3. From here you can drag the ISO from your local system into the web browser where you would like it to be uploaded. The Downloads folder is a good choice.

Connecting to the Desktop Environment

  1. The easiest way to connect to the desktop graphical environment is to paste the public IP of your Equinix Metal server into the URL of your web browser. (If having trouble, ensure it connect to http://<your_public_ip>/ and not https:// as SSL has not been configured).

    no vnc option

  2. Next, click Connect to bring up the desktop in your browser. Alternately, you can point a VNC client of your choice to your server's pubic IP address.

  3. When prompted, enter admin for the password and you will be presented with the desktop.

    xfce desktop

  4. If you have not already uploaded an ISO image, now would be the time to download one using the desktop environment. You can open the web browser to download the latest version of Microsoft Windows, as we'll do in this example, or use the terminal window and wget to download something from a URL directly. Either way, place it someplace easy to access in the next steps.

4. VM Creation and Install Target Selection

  1. Open the Virtual Machine Manager by opening the Application Finder (magnifying glass icon in the bottom dock) and searching for it in the search bar.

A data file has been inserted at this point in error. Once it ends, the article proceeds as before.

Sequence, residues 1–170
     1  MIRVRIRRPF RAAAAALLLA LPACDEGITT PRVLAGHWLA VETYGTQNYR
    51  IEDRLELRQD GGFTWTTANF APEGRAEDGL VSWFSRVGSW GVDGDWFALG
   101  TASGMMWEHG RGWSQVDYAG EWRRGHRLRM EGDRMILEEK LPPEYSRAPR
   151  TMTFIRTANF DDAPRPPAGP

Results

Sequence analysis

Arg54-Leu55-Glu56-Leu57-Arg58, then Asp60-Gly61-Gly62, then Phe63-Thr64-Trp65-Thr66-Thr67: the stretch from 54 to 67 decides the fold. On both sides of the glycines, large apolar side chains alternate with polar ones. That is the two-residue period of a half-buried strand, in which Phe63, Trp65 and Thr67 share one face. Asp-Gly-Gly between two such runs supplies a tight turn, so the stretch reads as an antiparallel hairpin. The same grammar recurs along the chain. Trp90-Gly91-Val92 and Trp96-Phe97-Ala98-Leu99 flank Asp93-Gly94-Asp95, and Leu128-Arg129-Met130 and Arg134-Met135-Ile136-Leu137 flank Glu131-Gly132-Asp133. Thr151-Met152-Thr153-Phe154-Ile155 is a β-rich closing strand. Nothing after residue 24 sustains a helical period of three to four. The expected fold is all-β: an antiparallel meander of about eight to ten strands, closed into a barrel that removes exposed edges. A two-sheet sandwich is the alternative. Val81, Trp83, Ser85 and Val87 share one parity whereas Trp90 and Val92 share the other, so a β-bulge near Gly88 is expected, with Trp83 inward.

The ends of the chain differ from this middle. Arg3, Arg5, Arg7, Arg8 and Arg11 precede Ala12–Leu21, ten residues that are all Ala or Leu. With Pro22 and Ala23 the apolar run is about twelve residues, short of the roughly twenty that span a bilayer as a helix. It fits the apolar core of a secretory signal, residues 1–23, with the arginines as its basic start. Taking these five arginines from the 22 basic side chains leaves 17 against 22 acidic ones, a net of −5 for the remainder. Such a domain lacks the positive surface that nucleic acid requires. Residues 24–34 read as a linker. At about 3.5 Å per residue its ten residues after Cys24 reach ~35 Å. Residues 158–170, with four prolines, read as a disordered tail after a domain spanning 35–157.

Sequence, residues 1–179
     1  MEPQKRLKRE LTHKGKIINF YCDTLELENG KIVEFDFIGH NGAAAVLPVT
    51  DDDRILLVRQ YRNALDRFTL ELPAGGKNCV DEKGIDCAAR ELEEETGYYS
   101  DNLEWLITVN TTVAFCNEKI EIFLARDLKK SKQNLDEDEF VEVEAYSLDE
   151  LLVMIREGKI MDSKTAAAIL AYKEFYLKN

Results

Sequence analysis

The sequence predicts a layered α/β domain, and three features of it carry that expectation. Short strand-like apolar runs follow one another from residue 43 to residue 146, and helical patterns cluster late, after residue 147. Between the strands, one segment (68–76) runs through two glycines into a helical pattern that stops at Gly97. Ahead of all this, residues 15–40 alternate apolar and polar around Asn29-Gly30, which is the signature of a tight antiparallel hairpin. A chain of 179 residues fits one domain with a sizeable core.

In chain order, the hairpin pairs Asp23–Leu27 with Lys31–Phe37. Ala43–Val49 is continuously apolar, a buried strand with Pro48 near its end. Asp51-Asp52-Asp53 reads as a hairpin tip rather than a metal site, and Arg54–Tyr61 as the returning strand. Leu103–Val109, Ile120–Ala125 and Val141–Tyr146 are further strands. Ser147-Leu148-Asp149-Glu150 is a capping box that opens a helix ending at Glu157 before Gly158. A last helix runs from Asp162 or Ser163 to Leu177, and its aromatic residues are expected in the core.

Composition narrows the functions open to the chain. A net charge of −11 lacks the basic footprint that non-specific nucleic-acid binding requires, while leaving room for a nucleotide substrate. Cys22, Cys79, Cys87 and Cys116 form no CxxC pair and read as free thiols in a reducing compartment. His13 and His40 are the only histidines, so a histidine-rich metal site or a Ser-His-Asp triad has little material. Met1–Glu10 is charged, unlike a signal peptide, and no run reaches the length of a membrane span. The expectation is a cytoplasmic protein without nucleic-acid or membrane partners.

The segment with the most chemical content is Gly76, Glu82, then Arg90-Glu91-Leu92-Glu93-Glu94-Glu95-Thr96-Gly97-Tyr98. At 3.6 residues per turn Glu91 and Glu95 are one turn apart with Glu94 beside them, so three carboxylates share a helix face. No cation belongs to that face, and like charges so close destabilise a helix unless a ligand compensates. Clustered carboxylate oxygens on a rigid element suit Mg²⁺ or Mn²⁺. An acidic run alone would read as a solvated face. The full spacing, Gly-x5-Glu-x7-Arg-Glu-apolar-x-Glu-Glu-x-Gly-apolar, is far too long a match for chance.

application finder

  2. Click the monitor icon to create a new virtual machine.

    create a new vm

  3. Choose to install using Local install media and select Forward.

    step 1 of vm

  4. When prompted to select the media, click the Browse... button

    step 2 of vm

  5. On the next screen, you'll need to slect Browse Local to search in your local file system.

    step 3 of vm

  6. Use the file browser to locate the ISO you've loaded onto the server. In our case, the Windows 11 install media was in the Downloads folder of our home directory. Select the file and click Open on the top-right corner of the window.

    step 4 of vm

  7. Once the ISO is selected the OS should be detected automatically from the source. In our case it showed Microsoft Windows 10, which is close enough, confirm the OS and press Forward.

    step 5 of vm

    (Note, if you can't find your OS, uncheck the Automatically detect... box and use the search field to find best match. You might need to use Generic OS if you can't find a one, or if your OS uses something like Ubuntu or FreeBSD as it's base, you can select that instead of the generic option.)

  8. You'll need to allocate CPUs and RAM to the temporary virtual machine. In the example below, we chose 8 GiB of RAM and 8 vCPUs. Click on the Forward button.

    vm resources

  9. On the next screen, you'll be asked to configure storage. Pick Select or create custom storage and type the system device path to where you want to install the OS in the blank path below. Click Forward.

    storage path

    (Note, to look at the local volumes, open a terminal window and enter the command lsblk -p. This will list available volumes for installation by their device paths. It's good practice to select the smallest device for OS installation; as you can see in the example below, my drives are the same size.)

    lsblk

    (Note, depending on the selected server type you may see a number of NVMe storage devices (for example: /dev/nvmean1). You can only use them as a target for the bootable operating system if your instance is running in UEFI boot mode. NVMe drives cannot be used as the bootable devices in BIOS boot mode.)

  10. On the next screen, select Customize configuration before install before selecting Finish

    customize

5. VM Customization